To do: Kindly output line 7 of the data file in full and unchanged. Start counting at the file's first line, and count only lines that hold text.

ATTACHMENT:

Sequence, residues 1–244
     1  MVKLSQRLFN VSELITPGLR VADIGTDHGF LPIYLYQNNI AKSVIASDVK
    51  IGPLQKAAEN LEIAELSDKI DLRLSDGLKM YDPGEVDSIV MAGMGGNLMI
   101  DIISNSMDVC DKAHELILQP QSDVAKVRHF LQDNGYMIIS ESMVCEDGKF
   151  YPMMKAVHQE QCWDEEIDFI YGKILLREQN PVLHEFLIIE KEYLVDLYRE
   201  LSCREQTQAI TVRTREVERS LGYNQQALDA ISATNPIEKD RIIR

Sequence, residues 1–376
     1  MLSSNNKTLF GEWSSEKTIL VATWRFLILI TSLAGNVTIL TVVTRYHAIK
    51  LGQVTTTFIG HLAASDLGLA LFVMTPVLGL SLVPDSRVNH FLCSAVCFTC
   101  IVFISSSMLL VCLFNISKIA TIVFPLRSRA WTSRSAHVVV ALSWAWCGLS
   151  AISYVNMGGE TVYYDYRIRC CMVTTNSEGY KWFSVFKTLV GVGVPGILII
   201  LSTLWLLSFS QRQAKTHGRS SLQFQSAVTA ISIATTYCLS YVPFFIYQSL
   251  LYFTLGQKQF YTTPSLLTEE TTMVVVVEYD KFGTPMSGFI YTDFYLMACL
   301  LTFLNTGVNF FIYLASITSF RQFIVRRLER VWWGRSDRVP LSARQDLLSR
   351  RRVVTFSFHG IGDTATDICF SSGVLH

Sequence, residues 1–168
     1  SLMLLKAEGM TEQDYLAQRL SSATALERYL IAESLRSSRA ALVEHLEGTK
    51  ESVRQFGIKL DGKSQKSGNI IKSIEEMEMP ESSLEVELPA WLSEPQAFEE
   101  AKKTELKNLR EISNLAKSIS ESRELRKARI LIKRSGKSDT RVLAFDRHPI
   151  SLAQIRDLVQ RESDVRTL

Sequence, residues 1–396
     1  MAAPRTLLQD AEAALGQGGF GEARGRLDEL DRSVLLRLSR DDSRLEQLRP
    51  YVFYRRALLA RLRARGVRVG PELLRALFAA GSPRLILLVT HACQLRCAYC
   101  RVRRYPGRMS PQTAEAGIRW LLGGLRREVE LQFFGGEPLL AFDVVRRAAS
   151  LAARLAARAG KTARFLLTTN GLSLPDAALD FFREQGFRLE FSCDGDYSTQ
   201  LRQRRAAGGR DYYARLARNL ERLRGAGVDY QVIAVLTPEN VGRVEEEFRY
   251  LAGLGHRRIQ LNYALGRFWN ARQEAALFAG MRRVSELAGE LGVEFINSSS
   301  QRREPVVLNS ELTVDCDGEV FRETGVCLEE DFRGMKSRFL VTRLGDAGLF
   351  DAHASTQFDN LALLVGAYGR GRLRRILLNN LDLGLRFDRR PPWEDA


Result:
Sequence, residues 1–376